Brook Waimarama Sanctuary Trust chair Dave Butler.

$2 million needed for fence


The Brook Waimarama Sanctuary will have a “transformational effect” on Nelson and those behind it hope the community will help make it happen.
The sanctuary’s trust needs another $2 million to build a 14 kilometre fence around the 700 hectare sanctuary, deep in the Brook valley. It’s hoping to raise half of that through donations from Nelson businesses, schools, service clubs and families from its fundraising campaign called Get Behind the Fence. It is hoped that groups and people will sponsor a fence post, each of which will have a plaque, naming the donor. Prices range from $100 to $5000.
“We hope people will donate and in the process take real ownership of the sanctuary,” says the trust’s general manager Hudson Dodd.
The trust has already raised $2.8 million of its $4.7 million target and says the final $1 million will come from corporate sponsorship, grants and central government.
Hudson says the fence will have a huge impact on Nelson with native birds and other species inevitably finding their way into Richmond, Stoke and Nelson. “We genuinely believe it will have a transformational effect on Nelson. As soon as the fence goes up the species already there will begin to recover before we even get into the businesses of bringing in other rare species, so Nelson will see an impact right away.”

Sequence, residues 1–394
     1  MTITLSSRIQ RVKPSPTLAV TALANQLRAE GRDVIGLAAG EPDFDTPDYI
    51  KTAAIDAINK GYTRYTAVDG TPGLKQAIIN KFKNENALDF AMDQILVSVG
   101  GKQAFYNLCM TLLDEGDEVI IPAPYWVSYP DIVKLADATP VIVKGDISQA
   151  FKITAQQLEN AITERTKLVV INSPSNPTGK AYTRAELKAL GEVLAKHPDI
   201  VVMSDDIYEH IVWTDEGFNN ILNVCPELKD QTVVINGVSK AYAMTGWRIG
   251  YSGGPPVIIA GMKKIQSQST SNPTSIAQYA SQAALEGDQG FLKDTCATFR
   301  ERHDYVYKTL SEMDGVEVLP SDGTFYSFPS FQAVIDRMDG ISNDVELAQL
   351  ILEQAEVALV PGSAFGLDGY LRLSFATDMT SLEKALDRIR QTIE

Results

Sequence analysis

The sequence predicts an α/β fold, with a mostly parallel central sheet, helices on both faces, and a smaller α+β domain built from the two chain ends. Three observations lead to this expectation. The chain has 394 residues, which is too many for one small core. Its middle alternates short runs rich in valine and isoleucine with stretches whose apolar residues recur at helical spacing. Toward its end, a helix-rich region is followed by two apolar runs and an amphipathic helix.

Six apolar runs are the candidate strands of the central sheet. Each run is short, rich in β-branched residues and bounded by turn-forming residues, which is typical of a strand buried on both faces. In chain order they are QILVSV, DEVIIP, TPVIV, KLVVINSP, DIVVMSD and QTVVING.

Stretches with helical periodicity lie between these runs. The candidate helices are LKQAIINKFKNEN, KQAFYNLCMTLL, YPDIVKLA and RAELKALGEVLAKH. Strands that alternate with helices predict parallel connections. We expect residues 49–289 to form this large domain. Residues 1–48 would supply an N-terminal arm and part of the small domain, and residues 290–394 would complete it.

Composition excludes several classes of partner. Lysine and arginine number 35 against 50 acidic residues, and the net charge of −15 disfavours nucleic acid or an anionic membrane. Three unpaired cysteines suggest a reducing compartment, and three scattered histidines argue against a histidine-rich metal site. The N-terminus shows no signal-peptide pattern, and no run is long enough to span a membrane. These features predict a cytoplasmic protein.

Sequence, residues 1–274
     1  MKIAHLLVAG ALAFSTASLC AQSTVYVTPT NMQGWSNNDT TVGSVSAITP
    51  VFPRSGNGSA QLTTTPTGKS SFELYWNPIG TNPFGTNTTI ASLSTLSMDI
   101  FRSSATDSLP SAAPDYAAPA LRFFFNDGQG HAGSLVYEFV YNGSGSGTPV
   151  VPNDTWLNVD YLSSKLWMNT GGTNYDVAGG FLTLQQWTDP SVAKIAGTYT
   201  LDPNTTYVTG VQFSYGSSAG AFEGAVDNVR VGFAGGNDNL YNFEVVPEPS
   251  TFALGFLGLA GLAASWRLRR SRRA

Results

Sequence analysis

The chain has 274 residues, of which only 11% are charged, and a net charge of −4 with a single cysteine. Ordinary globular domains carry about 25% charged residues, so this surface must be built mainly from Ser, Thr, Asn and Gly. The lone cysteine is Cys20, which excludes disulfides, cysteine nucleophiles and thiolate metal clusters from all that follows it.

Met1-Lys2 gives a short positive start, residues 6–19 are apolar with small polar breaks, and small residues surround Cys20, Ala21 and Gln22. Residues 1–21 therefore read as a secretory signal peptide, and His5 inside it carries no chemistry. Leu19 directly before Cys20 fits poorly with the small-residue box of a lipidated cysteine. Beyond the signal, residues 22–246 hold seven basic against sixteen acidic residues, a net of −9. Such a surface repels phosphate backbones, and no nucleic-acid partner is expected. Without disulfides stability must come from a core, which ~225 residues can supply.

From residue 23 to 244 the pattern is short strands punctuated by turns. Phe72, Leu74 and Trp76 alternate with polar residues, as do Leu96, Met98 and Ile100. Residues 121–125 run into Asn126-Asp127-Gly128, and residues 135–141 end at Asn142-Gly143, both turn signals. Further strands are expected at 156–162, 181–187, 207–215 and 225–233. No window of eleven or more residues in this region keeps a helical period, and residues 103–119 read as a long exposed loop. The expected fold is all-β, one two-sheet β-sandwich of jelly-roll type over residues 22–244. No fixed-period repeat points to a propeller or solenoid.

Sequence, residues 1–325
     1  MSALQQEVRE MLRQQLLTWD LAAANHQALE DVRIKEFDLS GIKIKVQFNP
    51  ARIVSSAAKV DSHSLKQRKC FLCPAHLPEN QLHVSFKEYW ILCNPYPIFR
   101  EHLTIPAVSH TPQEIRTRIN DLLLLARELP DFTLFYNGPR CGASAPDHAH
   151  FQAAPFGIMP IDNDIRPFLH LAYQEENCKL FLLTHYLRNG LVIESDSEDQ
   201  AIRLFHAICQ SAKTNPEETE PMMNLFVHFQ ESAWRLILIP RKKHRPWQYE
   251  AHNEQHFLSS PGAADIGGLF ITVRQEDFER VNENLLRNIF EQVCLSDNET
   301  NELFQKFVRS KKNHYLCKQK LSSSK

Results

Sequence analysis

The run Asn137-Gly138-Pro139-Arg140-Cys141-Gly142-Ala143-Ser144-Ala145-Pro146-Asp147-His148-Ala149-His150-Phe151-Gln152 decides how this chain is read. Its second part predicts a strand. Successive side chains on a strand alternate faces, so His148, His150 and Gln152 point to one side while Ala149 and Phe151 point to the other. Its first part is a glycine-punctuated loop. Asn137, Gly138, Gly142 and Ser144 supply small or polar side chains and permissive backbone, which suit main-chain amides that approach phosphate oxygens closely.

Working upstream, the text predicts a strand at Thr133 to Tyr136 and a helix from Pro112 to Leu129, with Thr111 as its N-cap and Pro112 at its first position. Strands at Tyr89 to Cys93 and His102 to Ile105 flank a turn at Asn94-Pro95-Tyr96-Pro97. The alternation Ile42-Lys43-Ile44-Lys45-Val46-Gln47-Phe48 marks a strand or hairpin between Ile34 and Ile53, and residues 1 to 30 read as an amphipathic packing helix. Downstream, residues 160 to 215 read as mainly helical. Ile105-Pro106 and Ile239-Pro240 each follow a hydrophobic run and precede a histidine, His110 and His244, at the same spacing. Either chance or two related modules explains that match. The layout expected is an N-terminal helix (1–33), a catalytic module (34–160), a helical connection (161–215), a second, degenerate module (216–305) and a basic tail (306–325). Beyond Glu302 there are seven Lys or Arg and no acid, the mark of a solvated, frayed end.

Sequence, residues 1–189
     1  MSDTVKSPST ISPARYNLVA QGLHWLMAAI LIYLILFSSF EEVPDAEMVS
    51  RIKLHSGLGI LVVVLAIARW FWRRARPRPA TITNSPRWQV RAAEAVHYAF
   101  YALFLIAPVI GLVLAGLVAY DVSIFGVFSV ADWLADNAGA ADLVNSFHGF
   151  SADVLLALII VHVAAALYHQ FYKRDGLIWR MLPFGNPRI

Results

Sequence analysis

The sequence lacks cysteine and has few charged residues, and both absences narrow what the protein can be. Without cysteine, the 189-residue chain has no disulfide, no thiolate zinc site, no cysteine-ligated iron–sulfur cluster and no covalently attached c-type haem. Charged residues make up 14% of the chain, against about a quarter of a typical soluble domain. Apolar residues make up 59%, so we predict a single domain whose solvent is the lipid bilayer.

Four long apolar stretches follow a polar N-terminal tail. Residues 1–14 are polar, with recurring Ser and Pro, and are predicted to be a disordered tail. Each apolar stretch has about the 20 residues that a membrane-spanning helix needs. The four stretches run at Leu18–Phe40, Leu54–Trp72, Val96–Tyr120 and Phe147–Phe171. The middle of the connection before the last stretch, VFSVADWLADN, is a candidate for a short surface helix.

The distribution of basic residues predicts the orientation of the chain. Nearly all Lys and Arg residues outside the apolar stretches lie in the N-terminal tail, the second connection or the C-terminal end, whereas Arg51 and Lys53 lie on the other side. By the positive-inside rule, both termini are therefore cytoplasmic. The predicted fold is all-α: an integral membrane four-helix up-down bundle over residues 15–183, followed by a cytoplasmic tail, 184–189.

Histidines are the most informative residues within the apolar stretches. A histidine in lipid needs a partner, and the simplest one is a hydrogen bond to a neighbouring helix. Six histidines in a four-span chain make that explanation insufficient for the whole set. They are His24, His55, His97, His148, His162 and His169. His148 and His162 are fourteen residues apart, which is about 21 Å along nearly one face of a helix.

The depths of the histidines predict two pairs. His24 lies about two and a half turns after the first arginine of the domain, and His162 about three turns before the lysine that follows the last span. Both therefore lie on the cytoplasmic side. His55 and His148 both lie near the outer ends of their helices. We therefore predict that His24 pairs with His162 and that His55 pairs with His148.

Conservation Minister Dr Nick Smith says the sanctuary reinforces Nelson’s proud heritage in environmental leadership.
“The environmental benefit of this sanctuary is that it will enable native birds that have been absent for decades to be seen again in Nelson gardens. It will also provide an economic benefit for our tourism industry by giving visitors an opportunity to see our own special birds in their natural setting rather than in a zoo.”
The sanctuary will be a safe haven for endangered birdlife including the New Zealand falcon, yellow-crowned parakeets, weka and robins. The pest-free environment will also benefit the more than 250 species of native flora and fauna, including mature beech forest and occasional huge podocarps.
Hudson Dodd says he hopes to have the money raised and earth broken for the fence by the end of the year.
“In the first three weeks of the campaign we’ve already seen 100 fence posts sponsored, generating $30,000 in funding toward the fence. People are excited to see the light at the end of the tunnel for fund raising. It goes to show that Nelsonians recognise the great benefits this project will bring to the region.”